The Eugenie Clark fellowship was a very special opportunity for me. Prior to this fellowship, despite having some field work experience, I had never felt I was part of the science community. I felt I had so many gaps in my knowledge and to be a part of shark science, I needed to be more prepared and experienced. It felt out of reach. Therefore, handling and working with sharks was always something that I wanted to be a part of, but couldn’t. I just didn’t know how I could get there. Having access to so many resources, advice and guidance from our mentors, and exposure to a variety of scientists and like-minded people that by the end, not only did I realize that to be part of science was easier than I had imagined but that I already was there.
What I loved about this fellowship was that it armed us with an insane amount of skills. I knew it would be very hands-on, but I couldn’t have imagined the various types of fieldwork and experiences we would be doing and the different types of species we would be handling and learning from. This left me feeling more confident in what I wanted to do and what I could do.
I will always be grateful for the knowledge and skills I gained from being a part of this opportunity. With that said, what I feel I will hold closer to me, are the special connections and people I met and made friends with along the way. I know it sounds cliché and kind of corny, but I think at the end of the day it’s the people around us that impact us the most. Yes, it was super cool to handle a shark, take muscle biopsies, fins clips, to measuring little fish and spotted eagle rays, taking photo ID’s of bottlenose dolphins, but that isn’t going to be my initial memory of the fellowship years from now. What will stay embedded in me are the amazing conversations I had with the other fellows at Ben & Jerry’s, the laughs I had with the best roommate ever at the JMIH conference, or facing the fact that I might like kids more than I thought I did. This is what made being part of fellowship so special to me.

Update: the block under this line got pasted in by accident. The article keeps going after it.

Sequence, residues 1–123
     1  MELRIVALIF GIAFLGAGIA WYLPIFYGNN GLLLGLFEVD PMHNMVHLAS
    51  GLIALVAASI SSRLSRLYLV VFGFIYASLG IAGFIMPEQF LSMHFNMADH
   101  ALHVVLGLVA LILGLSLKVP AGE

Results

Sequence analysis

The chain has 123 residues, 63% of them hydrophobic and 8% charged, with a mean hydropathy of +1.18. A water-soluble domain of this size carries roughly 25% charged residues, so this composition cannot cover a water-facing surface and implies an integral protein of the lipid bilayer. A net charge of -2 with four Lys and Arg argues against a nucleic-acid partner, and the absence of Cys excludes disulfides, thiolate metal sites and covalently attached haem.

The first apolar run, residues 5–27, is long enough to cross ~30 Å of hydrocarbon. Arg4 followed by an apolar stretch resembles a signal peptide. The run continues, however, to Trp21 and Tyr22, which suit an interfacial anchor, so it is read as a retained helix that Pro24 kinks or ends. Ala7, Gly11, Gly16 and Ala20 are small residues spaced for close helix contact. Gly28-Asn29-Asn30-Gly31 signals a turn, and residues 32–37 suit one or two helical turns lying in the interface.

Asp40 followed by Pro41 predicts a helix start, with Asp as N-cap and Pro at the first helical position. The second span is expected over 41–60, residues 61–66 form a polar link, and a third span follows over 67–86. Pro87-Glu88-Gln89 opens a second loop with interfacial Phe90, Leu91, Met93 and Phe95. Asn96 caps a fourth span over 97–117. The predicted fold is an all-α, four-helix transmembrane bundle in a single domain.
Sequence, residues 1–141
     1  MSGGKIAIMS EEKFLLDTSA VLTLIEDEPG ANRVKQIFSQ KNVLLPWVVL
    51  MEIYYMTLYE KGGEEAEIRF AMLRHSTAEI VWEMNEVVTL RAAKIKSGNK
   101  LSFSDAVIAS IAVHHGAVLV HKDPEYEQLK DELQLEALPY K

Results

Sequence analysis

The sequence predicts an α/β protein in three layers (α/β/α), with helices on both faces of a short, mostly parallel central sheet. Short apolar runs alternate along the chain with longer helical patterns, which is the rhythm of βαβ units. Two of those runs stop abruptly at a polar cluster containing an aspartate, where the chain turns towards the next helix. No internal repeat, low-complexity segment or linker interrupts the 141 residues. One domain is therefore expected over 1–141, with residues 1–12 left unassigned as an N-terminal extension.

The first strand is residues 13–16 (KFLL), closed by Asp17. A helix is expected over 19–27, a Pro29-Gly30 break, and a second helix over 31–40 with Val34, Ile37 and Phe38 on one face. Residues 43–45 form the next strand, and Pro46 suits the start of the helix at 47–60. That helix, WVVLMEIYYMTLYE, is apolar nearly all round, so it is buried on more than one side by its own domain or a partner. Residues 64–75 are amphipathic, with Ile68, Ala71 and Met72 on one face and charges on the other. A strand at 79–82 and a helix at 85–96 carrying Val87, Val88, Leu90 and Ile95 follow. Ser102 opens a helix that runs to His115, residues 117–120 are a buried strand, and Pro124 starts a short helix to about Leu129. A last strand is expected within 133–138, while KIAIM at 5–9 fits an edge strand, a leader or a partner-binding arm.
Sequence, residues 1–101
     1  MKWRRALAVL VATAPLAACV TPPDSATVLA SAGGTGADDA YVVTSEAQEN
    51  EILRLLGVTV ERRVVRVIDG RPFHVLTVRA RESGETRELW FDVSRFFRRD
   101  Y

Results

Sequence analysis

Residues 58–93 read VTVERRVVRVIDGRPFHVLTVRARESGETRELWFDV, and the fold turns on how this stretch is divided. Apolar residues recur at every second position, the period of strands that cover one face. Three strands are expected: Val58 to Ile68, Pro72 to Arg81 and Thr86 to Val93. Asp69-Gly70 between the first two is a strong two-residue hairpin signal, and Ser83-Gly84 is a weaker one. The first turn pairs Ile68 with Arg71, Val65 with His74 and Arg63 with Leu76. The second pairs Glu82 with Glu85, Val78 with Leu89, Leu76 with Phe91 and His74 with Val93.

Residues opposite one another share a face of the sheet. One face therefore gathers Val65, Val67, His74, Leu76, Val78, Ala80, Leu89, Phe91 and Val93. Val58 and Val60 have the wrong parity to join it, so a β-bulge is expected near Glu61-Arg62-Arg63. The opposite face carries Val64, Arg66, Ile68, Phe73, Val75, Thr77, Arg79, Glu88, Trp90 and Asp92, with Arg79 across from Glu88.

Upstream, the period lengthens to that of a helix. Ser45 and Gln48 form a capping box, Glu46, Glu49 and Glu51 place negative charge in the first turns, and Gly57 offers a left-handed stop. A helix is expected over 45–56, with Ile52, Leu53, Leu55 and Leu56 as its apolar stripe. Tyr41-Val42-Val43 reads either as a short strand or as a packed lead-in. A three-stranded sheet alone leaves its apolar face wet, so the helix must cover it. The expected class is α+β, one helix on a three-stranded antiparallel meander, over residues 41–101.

Being a Eugenie Clark fellow solidified my love for sharks, my love of working with sharks, my love in shark science and ignited within me a new love for science communication. I finally feel that I am part of this world and have amazing friends and mentors I can count on. I can confidently say that this fellowship changed my life.
MISS provides a community and funded opportunities for gender minorities of color who wish to enter the field of shark sciences. We aim to show that there are many gender minorities of color succeeding in and interested in this field.
We fundraise and apply for grants to create paid opportunities to attempt to knock down the financial barrier into shark sciences. We encourage other organizations in our field to do the same.
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